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Loudoun County’s first public school turns 200

Built in 1816, the Oakdale School served the Purcellville Quaker community and free African-American families, making it the first integrated school in Loudoun.  Times-Mirror/Veronike Collazo
Before there was the Loudoun County Public Schools enterprise, local children still found places to learn basic reading, writing and arithmetic when not helping their families tend to farms.

One such school, Oakdale, which served a Quaker community and surrounding families, celebrated its 200th birthday this past weekend.

Finished in 1816, the Oakdale School was built by the Goose Creek Friends, a Quaker community in Lincoln, just south of Purcellville. The one-room schoolhouse is still decorated as it was when it first opened, including some original benches.

Originally built to serve the children of the Quaker families within the Goose Creek Friends group, the community also opened the school to the children of free African-Americans, making it one of the first integrated schools in Virginia.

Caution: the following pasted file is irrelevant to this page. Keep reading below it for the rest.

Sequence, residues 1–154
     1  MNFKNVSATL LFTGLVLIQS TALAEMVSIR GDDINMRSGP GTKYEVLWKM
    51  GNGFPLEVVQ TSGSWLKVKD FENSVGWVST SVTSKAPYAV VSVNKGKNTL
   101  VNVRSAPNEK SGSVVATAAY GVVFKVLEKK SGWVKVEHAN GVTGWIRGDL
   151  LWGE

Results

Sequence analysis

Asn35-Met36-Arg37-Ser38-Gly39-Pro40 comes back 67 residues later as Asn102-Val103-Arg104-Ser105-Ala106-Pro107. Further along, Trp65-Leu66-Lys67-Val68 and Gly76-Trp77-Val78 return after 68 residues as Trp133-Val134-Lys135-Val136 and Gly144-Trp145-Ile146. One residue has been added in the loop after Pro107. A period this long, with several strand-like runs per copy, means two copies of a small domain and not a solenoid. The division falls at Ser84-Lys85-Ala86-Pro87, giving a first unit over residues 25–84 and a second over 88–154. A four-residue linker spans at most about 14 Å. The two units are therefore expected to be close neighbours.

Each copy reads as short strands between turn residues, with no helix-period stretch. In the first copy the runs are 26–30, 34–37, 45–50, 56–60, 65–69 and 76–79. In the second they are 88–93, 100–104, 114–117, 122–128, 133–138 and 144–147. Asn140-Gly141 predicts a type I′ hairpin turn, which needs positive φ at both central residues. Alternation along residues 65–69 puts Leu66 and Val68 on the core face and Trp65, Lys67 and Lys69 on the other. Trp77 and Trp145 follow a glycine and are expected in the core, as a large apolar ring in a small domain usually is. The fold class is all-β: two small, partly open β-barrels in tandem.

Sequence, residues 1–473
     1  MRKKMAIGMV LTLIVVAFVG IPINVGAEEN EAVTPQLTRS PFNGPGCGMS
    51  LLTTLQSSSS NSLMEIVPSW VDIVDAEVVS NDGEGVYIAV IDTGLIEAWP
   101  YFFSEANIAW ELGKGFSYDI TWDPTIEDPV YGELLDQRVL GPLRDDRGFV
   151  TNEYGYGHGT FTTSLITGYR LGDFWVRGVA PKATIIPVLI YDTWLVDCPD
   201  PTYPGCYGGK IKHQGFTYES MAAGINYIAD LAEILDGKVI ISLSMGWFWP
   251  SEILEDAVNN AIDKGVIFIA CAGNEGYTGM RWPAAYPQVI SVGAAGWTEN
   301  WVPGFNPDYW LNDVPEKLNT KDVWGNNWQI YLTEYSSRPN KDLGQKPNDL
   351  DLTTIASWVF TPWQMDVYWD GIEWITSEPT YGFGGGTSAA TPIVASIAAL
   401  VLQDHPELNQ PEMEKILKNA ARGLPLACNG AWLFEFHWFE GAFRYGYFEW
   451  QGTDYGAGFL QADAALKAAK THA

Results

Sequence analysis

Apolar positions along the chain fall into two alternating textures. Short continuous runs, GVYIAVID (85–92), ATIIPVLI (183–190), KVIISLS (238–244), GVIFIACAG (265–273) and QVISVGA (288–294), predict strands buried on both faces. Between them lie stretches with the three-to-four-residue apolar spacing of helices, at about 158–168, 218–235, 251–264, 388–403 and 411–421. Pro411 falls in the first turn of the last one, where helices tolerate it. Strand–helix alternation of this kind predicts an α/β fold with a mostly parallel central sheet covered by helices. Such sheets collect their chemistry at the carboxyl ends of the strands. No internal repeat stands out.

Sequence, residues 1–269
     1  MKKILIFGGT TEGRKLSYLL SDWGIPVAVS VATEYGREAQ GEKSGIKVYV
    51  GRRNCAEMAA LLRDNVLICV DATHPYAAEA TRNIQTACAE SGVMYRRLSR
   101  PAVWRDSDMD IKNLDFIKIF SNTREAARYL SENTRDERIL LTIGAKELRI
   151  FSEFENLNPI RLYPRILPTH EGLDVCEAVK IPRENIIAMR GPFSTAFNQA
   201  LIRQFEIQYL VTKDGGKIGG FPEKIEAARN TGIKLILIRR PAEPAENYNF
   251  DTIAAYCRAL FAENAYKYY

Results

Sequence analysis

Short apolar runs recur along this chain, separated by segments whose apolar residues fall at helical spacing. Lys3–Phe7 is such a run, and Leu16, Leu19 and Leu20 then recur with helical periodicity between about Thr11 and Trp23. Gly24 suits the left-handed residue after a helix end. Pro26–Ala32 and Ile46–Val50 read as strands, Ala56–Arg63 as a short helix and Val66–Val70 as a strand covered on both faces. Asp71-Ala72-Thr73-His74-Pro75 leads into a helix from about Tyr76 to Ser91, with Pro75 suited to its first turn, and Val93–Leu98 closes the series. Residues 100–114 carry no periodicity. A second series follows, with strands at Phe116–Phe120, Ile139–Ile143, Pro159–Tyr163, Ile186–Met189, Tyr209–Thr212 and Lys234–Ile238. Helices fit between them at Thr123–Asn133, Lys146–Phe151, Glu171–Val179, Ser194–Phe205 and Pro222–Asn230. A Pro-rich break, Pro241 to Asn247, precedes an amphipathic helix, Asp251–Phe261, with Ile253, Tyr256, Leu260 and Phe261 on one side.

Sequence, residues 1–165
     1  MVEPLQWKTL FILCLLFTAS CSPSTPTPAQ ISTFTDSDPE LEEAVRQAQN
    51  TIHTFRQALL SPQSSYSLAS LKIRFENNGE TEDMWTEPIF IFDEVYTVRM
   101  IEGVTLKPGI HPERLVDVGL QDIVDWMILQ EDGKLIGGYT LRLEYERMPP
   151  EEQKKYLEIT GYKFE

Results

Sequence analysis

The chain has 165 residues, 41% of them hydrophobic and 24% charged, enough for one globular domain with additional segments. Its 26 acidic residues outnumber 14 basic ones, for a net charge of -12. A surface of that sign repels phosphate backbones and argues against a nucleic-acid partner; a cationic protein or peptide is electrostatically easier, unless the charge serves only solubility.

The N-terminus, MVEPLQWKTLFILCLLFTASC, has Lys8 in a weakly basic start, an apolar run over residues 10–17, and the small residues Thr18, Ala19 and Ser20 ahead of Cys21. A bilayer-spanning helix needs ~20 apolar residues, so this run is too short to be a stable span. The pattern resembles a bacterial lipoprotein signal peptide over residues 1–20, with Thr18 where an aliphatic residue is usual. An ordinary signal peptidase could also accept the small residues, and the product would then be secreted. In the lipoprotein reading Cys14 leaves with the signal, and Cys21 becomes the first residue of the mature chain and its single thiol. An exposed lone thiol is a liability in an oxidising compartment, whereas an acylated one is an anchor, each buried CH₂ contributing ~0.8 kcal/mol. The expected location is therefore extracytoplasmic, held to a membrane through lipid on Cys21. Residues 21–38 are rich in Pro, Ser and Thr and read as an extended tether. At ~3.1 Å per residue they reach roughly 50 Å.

“They were very committed to education, even before there was public education, so they made the school open to both girls and boys because girls didn’t go to school back then, and African-Americans,” said Debbi Sudduth, Goose Creek Friends meeting clerk.

When the school first opened, 70 students attended, ranging from ages 6 to 16. Because the students worked on farms, they did not attend school every day, but the school was open year-round to serve students except for two weeks in the summer harvest season, Sudduth said.

The school’s bicentennial celebration was part of a larger Goose Creek Friends celebration Oct. 21. Loudoun residents had the opportunity to tour the school, original Goose Creek Friends Meeting House and the current meeting house built in 1817.

Friends continue to worship at Goose Creek with the mission to live according to the traditional Quaker beliefs of equality and peace. Worship is open to all at 9:45 a.m. every Sunday.

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